“Think of it as alcoholics anonymous,” says Kermit, who has run “lairs” — free forums for men — in Toronto and elsewhere. Seduction groups have existed in Toronto for several years, but the movement remained obscure until Strauss’ book. Kermit’s Toronto Lair formed to absorb members from another group, the Toronto Social Network, which split in two (the other half being Toronto Phoenix Society) due to questionable leadership practices, including charging for mandatory seminars. Dimitri charges for Toronto Real Men, though he emphasizes that he doesn’t need the money. “They don’t get something for nothing,” he told me. “$250 a year, you’re a member. One meeting a month. I’m going to be offering courses to men on how to get f**ked, fast.”Dimitri was born in Toronto in the early 1960s. He had a rough upbringing:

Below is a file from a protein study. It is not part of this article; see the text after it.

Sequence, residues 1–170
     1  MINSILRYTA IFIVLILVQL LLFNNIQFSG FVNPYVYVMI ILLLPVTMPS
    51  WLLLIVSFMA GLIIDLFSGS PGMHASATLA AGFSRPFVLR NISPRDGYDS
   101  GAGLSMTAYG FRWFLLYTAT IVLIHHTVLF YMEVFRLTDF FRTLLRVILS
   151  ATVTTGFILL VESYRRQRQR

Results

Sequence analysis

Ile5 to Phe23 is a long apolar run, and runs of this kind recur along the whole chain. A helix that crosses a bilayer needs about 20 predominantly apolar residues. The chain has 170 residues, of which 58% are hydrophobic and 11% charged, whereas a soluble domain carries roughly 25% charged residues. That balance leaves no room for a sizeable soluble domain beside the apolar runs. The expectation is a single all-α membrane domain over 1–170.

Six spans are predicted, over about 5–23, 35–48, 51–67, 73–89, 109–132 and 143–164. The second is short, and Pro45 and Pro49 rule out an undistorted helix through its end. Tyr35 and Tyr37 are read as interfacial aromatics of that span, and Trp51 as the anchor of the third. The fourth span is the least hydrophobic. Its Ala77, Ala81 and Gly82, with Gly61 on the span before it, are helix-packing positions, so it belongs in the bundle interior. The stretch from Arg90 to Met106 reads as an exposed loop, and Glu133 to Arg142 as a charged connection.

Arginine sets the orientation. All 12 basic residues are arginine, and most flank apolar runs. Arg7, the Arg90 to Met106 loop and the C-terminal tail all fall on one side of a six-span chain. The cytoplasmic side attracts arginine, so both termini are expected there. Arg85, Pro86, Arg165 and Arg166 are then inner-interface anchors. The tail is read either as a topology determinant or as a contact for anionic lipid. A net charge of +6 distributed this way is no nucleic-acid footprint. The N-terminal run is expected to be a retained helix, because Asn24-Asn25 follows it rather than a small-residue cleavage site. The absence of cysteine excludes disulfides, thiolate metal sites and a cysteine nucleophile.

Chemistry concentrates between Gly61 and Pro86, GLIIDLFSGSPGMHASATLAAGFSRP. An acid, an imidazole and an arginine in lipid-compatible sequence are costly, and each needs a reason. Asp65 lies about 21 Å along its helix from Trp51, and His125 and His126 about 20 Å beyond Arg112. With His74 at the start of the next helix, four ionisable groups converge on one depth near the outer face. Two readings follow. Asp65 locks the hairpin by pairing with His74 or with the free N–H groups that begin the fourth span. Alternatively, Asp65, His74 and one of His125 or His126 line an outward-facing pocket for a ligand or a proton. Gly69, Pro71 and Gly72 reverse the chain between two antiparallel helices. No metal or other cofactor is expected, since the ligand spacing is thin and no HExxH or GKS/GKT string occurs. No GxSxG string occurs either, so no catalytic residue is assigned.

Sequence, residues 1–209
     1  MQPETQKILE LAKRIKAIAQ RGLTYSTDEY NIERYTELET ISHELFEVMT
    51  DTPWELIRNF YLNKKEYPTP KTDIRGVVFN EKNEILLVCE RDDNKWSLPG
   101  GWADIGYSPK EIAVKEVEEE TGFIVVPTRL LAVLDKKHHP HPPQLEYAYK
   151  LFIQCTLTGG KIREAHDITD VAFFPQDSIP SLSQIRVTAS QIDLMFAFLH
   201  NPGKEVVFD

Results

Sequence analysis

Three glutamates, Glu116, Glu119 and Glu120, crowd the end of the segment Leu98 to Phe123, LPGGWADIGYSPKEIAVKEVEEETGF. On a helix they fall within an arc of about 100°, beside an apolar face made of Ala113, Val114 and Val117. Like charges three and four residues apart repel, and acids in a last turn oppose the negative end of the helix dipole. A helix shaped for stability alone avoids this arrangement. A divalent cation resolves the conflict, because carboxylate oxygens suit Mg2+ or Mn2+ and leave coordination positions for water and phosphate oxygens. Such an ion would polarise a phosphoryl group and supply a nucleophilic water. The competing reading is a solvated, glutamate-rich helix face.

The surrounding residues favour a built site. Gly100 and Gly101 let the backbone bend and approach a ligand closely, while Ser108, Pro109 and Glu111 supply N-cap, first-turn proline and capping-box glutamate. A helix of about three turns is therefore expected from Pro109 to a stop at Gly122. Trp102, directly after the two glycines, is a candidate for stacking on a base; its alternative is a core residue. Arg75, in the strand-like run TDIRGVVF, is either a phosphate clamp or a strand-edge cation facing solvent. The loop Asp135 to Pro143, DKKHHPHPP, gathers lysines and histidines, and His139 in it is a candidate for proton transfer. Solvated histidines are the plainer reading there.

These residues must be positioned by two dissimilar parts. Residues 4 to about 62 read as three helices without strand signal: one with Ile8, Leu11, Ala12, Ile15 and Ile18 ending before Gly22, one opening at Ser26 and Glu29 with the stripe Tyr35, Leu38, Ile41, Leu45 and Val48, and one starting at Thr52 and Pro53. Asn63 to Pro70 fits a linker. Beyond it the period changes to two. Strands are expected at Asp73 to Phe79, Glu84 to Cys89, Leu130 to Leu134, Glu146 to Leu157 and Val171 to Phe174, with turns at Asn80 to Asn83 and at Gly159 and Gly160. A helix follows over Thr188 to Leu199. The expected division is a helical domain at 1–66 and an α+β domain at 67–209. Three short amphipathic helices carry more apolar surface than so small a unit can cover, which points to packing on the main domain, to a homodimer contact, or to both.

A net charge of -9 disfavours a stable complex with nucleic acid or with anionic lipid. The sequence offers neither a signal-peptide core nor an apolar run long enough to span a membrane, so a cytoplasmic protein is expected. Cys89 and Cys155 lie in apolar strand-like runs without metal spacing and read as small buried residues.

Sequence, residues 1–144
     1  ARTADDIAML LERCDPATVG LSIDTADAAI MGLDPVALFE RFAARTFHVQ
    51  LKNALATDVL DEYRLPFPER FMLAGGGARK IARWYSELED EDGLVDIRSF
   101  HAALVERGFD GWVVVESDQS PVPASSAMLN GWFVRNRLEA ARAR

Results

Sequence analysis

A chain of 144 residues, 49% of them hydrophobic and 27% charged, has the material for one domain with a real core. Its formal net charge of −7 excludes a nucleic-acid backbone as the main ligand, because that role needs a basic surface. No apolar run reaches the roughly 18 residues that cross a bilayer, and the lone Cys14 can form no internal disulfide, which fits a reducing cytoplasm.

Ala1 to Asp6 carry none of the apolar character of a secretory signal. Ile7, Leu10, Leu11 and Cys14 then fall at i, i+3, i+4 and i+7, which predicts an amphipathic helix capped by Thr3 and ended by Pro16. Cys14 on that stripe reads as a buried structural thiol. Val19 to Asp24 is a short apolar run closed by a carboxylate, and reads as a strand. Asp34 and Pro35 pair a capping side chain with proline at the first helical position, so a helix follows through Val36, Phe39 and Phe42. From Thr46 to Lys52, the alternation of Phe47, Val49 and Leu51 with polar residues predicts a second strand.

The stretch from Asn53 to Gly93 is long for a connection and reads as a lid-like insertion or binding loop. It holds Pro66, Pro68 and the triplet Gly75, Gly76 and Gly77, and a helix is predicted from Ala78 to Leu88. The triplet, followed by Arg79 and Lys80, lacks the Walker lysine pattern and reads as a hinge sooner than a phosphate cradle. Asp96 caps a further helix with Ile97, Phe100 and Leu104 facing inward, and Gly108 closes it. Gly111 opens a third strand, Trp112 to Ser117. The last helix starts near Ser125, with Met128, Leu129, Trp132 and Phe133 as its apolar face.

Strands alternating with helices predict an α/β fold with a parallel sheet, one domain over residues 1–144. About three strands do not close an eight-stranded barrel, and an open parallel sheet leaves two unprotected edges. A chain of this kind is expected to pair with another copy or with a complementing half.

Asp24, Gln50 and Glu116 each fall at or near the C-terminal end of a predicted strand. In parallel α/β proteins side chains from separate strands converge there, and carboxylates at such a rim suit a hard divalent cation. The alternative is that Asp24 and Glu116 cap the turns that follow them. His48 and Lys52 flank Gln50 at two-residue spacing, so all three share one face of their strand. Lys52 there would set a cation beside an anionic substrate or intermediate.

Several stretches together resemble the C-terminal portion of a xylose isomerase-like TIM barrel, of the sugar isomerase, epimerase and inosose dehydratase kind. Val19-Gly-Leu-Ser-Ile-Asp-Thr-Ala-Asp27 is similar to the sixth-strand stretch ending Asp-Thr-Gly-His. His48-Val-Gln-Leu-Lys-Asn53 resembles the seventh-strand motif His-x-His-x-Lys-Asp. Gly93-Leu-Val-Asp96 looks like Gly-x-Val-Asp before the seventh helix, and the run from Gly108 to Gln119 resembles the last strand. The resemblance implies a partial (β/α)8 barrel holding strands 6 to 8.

“My father was very physically and emotionally abusive. My mother was just a borderline manic, histrionic, dramatic woman, and I did not grow up really understanding what love was.” A nerdy overachiever in high school, he didn’t lose his virginity until he was 20. He became a physician, but lost his licence after pleading guilty to charges of sexual impropriety during house calls. His lawyers pressured him into the decision, he says. “I asked [one patient] out on a date, and we chatted a bit, I said give me a call sometime, gave her a goodbye hug. That was it.”Two more women came forward with similar stories after reading about him in the newspaper, he continues, and one recalled that he had “spent too much time in the bathroom.”